Lionel Shriver, the outspoken author of Big Brother and We Need To Talk About Kevin, recently nonchalantly admitted to The New York Times that she eats only one meal a day. So, when we came across her article on body image in The Cut, we weren't surprised at how freely she discusses size — or by her unapologetic use of the word "fat."
Make no mistake, Shriver isn't poking fun at larger people. Instead, she discusses the social construction of beauty and how the term has evolved to separate the "haves" from the "have-nots." While Shriver argues many points in her argument (beauty is fleeting, being pretty feels like a crack high, and our appearances affect our social lives), the most salient to us was her point that as the nation's waistline expands, we only continue to idealize skinny bodies more.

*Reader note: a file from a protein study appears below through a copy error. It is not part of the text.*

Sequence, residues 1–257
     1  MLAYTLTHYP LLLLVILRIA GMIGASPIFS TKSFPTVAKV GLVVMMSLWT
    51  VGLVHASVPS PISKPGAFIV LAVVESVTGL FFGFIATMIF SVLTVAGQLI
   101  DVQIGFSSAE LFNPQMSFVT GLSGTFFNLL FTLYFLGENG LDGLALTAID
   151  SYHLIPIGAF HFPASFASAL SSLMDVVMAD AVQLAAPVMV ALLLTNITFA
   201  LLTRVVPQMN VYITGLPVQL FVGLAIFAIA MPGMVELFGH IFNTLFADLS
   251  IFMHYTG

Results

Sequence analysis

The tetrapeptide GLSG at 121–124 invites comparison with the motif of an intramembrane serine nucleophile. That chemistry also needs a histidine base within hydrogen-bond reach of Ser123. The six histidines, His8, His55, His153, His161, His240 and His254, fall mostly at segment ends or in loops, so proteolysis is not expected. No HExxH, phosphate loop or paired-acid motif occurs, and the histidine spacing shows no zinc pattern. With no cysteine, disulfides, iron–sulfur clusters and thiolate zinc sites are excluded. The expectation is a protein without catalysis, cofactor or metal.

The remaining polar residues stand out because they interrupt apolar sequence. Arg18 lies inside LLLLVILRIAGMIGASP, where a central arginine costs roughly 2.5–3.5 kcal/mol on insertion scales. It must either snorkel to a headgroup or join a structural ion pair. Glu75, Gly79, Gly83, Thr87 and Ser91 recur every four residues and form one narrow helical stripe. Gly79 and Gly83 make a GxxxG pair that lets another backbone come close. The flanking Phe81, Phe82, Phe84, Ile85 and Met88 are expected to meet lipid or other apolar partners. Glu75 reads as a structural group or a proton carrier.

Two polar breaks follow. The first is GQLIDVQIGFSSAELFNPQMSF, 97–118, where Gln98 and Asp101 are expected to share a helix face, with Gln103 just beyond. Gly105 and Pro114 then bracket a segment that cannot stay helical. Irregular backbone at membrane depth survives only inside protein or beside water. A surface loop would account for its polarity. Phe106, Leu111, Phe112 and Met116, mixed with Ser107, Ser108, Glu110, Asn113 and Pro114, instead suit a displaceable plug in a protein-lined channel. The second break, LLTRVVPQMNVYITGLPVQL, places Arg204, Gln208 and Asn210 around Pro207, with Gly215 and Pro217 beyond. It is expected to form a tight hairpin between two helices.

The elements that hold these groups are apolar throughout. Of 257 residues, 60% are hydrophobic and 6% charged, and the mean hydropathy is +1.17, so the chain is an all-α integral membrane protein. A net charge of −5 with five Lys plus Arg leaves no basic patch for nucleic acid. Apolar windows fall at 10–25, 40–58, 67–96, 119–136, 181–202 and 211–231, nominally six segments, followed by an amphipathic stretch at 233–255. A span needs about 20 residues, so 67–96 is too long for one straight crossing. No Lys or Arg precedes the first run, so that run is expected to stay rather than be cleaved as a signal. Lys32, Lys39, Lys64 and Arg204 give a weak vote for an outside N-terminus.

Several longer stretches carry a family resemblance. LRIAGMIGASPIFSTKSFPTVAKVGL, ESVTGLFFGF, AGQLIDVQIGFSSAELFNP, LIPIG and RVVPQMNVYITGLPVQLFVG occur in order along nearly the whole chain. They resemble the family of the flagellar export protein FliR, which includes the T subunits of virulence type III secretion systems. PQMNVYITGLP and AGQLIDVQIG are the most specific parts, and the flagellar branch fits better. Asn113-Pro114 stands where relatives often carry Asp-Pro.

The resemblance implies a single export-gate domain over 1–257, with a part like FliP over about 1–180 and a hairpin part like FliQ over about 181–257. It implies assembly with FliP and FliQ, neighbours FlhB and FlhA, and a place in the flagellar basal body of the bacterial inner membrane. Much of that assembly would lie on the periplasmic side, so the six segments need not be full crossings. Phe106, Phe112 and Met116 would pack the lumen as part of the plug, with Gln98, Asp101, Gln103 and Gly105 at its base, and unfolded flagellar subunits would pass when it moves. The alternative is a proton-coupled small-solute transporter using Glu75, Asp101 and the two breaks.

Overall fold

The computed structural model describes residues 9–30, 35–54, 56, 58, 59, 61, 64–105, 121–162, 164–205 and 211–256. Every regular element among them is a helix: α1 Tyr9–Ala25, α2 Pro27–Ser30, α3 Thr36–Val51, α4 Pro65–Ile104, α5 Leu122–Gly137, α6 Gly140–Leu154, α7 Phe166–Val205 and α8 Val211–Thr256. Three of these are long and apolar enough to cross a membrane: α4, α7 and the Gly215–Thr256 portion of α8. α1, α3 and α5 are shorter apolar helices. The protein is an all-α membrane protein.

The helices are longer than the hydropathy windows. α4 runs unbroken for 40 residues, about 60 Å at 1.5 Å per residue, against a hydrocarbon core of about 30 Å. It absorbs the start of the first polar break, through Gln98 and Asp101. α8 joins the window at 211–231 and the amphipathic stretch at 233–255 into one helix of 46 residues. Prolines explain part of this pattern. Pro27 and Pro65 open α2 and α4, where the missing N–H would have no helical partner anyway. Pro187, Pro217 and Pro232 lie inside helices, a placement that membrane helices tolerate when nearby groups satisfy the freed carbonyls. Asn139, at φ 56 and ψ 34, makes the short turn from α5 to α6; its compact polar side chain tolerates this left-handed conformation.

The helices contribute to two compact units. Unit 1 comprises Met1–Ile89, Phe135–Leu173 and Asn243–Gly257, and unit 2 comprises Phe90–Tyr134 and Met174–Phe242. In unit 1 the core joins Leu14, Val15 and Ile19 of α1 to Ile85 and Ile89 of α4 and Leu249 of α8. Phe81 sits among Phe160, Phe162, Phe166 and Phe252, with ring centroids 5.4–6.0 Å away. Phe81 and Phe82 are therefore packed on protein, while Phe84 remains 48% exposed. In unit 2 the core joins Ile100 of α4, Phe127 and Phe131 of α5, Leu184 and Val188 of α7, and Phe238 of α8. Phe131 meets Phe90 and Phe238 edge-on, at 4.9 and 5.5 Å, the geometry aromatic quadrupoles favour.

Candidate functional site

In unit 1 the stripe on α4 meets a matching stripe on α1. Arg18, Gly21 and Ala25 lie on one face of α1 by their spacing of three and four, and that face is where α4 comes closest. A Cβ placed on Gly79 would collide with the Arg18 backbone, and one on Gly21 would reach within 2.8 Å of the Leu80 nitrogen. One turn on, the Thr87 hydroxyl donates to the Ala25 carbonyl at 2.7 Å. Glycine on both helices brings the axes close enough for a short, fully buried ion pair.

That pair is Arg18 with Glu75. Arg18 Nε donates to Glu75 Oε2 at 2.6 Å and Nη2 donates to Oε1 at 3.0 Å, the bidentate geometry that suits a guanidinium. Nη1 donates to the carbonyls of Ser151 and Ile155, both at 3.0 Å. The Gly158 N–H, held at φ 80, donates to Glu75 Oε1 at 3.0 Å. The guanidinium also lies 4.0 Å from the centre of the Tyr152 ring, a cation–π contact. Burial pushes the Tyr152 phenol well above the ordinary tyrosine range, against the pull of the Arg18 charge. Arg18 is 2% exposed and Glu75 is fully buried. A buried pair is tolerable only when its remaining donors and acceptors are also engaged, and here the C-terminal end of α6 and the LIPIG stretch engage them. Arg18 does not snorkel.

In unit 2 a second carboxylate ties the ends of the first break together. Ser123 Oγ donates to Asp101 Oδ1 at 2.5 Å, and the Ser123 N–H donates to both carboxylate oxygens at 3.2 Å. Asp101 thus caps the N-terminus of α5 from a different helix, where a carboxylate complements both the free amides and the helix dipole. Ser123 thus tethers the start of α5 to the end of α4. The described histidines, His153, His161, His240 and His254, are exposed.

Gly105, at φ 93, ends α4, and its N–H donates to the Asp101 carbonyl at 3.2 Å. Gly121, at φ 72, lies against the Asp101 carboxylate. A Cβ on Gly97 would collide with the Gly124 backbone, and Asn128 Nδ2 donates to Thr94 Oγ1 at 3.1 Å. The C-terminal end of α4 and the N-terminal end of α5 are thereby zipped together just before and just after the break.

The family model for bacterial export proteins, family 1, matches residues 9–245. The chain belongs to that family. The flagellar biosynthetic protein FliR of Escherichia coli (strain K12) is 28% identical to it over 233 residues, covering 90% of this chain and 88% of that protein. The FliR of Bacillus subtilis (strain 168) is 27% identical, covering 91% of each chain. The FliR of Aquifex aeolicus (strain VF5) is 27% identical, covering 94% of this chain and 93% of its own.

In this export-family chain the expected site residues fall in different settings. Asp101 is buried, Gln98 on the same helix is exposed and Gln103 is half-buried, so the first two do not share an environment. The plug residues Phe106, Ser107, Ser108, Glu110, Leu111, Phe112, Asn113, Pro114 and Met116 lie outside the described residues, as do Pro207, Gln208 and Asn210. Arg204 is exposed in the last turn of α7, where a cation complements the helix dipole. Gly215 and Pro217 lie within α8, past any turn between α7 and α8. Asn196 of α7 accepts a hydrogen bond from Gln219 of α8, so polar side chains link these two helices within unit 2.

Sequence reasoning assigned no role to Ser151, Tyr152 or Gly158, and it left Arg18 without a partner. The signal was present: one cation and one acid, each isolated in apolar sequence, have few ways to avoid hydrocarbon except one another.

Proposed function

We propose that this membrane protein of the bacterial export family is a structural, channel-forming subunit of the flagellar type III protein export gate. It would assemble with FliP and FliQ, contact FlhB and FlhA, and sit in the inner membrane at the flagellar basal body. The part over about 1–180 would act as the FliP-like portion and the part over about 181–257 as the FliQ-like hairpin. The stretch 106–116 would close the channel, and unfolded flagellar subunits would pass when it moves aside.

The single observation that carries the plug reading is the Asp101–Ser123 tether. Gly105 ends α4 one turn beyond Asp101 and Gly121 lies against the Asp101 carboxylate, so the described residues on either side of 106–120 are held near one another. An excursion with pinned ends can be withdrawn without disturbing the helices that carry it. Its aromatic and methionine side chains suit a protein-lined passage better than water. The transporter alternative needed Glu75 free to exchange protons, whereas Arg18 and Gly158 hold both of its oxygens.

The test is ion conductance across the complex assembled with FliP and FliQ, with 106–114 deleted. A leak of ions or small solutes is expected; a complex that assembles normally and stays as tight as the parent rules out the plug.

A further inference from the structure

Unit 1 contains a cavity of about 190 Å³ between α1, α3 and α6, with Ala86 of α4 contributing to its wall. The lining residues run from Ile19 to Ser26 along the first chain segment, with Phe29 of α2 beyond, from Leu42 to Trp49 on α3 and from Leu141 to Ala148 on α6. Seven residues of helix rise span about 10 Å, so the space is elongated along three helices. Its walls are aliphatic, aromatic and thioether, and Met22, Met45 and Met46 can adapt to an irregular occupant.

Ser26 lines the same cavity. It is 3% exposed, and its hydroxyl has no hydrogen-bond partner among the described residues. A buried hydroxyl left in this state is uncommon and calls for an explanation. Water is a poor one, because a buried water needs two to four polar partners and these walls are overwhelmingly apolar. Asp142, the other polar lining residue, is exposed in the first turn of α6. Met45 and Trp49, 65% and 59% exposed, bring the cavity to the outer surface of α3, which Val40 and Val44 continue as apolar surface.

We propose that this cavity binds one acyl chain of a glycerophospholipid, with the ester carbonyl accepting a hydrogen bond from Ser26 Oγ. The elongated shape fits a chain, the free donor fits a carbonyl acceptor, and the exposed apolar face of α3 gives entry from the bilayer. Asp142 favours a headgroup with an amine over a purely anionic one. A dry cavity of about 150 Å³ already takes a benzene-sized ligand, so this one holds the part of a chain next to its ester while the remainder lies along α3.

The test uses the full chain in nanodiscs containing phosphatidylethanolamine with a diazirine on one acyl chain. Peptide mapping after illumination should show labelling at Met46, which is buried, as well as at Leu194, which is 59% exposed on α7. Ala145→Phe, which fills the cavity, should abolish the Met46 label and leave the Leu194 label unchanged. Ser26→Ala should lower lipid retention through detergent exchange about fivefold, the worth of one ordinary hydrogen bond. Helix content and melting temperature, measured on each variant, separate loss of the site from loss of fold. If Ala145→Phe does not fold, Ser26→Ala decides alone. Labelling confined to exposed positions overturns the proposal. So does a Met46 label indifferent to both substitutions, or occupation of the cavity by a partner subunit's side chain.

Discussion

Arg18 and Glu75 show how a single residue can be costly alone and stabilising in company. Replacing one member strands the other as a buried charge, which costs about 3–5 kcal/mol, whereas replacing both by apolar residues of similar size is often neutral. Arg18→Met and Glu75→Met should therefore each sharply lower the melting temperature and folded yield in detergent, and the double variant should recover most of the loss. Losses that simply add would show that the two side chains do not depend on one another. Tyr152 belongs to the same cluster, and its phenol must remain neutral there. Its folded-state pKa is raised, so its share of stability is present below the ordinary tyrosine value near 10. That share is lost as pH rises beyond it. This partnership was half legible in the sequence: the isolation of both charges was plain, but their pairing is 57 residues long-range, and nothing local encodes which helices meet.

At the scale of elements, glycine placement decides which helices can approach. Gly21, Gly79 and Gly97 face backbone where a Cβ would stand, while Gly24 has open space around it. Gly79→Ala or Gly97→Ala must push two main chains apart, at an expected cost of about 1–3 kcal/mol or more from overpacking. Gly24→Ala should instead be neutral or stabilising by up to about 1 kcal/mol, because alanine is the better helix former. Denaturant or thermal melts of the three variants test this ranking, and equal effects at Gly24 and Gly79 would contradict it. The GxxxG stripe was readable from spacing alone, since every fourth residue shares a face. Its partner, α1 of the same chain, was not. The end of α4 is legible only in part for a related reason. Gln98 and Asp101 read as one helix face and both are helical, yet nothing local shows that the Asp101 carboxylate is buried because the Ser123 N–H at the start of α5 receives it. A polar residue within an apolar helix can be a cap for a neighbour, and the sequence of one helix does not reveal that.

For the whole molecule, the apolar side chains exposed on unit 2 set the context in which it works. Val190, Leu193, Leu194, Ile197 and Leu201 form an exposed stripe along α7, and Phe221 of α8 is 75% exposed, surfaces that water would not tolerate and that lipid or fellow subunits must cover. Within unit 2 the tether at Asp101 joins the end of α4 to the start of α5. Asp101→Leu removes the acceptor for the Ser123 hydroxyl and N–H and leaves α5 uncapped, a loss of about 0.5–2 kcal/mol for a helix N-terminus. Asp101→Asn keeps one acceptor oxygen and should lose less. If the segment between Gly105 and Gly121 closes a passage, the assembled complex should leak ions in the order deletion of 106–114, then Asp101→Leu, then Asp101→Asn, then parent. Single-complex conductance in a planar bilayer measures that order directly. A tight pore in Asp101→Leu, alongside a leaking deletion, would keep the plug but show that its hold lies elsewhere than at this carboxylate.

The growing divide between what a real body looks like versus the body we as a society praise "is a formula for widespread discontent," Shriver writes. She points out that to simply alter our standards of beauty is an uphill battle. Instead, she thoughtfully suggests that "the solution is to get a grip and put human beauty in perspective." The whole piece is pretty thought-provoking, so we highly recommend reading the whole thing — just be ready for some frankly presented opinions. We wouldn't expect any less from Shriver. (The Cut.)